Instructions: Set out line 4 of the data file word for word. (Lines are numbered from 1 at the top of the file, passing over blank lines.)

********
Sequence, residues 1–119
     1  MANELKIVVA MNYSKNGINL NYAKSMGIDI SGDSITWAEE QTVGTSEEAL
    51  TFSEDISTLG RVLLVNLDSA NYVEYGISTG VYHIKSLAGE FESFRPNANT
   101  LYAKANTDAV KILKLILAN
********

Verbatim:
   101  LYAKANTDAV KILKLILAN